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Bulimia nervosa

Bulimia nervosa

Bulimia (boo-LEE-me-uh) nervosa, otherwise known as bulimia, is a serious, potentially life-threatening eating disorder.


People with bulimia usually secretly binge, eating large amounts of food and then purge, trying to get rid of the extra calories in an unsafe way. Bulimia can be categorized in two ways:

  • Purging bulimia. Regularly self-induce vomiting or misuse laxatives, diuretics or enemas after bingeing.
  • Nonpurging bulimia.  Use of other methods to rid your body of calories and to prevent weight gain, such as fasting, strict dieting or excessive exercise.
Its been found these behaviors usually overlap, and the attempt to rid yourself of extra calories is usually referred to as purging, no matter what the method


Bulimia symptoms often include the following:
  • Being self-conscious about your body shape and weight
  • Fear of gaining weight
  • Feeling you can't control your eating behavior
  • Eating until the point of discomfort or pain
  • Eating much more food in a binge episode than in a normal meal or snack
  • Forcing yourself to vomit or exercise too much to keep from gaining weight after bingeing
  • Misusing laxatives, diuretics or enemas after eating
  • Restricting calories or avoiding certain foods between binges
  • Using dietary supplements or herbal products excessively for weight loss


The exact cause of bulimia is unknown. There are various factors that might play a role in the development of eating disorders, including biology, emotional health, societal expectations and other issues.


Treatment involves a team approach that includes you, your family, your primary care doctor or other health care providers, and also a mental health provider and a dietitian experienced in treating eating disorders. The following are some treatment option for those who suffer from bulimia. Psychotherapy, commonly known as talk therapy or psychological counseling, involves discussing your bulimia and related issues with a mental health provider. Evidence indicates that these types of psychotherapy help improve symptoms of bulimia:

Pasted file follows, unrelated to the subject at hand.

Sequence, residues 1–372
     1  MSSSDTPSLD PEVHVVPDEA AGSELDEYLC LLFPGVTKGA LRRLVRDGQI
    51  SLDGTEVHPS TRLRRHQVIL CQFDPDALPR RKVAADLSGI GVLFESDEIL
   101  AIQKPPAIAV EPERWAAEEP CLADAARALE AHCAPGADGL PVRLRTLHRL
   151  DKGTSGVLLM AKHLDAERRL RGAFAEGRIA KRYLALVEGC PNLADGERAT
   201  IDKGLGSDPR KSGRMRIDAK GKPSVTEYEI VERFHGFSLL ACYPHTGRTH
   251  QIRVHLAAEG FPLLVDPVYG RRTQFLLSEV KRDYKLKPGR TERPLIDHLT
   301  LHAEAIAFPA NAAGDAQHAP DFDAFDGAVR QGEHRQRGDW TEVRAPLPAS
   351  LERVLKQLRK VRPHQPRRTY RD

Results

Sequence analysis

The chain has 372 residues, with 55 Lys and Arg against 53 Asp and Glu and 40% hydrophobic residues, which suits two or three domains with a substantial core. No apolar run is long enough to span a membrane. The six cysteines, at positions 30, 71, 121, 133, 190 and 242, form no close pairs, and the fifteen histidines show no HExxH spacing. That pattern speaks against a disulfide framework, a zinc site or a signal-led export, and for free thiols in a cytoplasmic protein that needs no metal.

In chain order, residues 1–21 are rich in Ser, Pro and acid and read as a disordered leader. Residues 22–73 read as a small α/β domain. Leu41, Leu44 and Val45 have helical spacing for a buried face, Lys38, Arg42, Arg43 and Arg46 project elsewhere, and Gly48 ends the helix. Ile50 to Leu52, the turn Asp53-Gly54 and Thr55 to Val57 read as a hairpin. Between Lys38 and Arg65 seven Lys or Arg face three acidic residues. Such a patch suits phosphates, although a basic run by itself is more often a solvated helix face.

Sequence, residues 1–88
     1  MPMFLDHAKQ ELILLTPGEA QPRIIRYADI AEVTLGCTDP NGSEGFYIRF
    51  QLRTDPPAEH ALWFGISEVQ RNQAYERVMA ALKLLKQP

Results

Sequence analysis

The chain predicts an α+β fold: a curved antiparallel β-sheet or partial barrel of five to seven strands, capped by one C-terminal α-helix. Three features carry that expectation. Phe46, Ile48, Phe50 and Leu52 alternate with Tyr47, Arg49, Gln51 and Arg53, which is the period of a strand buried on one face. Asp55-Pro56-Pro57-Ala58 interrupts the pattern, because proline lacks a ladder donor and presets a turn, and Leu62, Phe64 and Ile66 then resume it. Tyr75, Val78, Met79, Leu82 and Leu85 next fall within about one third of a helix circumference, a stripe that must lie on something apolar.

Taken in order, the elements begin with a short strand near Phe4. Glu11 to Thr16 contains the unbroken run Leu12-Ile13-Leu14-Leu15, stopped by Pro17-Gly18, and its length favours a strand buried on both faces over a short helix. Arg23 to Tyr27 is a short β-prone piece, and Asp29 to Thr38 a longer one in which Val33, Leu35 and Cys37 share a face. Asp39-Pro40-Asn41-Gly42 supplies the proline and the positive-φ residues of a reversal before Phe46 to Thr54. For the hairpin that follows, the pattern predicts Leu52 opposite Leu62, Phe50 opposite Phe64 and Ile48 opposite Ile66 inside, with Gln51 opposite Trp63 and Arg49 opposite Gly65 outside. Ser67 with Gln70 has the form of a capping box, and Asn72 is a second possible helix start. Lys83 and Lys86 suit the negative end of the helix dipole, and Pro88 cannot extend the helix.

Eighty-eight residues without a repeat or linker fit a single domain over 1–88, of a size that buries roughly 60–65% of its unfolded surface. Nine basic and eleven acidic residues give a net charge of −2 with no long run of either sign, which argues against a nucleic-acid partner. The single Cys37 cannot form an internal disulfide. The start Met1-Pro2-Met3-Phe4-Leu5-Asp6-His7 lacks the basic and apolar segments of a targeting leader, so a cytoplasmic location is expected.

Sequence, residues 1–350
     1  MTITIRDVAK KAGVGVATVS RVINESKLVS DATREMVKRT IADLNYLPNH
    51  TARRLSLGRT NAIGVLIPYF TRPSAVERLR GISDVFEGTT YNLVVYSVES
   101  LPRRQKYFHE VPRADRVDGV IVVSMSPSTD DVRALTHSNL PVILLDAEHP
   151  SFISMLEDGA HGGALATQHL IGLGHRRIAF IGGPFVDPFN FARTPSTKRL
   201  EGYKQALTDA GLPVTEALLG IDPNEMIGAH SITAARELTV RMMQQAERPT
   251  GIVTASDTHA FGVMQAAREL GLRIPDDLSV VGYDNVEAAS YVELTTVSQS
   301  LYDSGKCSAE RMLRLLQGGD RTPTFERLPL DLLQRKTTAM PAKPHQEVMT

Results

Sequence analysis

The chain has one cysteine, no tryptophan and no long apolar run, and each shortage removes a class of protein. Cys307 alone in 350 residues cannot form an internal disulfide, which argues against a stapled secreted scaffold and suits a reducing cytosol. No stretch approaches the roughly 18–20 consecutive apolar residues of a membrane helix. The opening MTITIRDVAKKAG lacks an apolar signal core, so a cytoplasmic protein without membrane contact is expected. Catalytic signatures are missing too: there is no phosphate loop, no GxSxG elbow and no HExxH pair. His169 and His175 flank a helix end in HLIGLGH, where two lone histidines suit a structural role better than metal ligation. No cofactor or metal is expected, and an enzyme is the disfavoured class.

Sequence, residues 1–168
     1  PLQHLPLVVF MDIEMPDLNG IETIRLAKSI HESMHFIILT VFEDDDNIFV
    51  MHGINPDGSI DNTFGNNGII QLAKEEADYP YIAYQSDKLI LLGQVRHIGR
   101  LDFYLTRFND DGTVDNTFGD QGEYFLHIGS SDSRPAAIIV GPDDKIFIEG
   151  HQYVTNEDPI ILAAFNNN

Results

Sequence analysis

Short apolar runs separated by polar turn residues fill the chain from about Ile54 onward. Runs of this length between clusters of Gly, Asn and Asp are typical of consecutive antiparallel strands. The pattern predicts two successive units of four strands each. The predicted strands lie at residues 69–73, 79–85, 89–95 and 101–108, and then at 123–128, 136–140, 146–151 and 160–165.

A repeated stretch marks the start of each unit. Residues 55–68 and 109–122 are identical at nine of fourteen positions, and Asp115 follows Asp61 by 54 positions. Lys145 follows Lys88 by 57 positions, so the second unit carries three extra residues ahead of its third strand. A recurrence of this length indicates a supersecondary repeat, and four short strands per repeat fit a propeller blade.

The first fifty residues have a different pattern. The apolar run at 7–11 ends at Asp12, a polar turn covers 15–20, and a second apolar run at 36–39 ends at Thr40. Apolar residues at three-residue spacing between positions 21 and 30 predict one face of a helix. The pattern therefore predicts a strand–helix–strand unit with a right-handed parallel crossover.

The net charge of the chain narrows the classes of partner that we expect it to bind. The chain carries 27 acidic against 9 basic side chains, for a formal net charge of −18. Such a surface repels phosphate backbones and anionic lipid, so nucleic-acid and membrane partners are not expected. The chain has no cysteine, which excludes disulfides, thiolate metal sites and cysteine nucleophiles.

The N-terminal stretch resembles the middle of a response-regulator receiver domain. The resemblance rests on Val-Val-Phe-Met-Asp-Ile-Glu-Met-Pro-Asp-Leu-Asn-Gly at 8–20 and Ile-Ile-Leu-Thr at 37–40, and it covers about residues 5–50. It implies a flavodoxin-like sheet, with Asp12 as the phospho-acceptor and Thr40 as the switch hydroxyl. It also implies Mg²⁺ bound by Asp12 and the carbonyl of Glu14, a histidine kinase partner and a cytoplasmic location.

• Cognitive behavioral therapy to help you identify unhealthy, negative thoughts and behaviors and replacing them with healthy, positive ones
  • Family-based therapy to help parents step in and being able to stop their teenager's unhealthy eating behaviors, then to help the teen regain control over his or her own eating.
  • Interpersonal psychotherapy, which addresses difficulties in your close relationships, helping to improve your
Medications such as antidepressants can help control the symptoms of bulimia when combined with psychotherapy. The current known antidepressant specifically approved by the Food and Drug Administration to treat bulimia is fluoxetine (Prozac), a type of selective serotonin reuptake inhibitor (SSRI), which may help even if you're not depressed. Nutrition education and healthy weight is used by dietitians and other health care providers. During this type of treatment an eating plan is designed to help you achieve and maintain a healthy weight, normal eating habits and good nutrition. Hospitalization is used when someone has a severe form of bulimia and has health complications. Bulimia can and usually is treated outside of the hospital.

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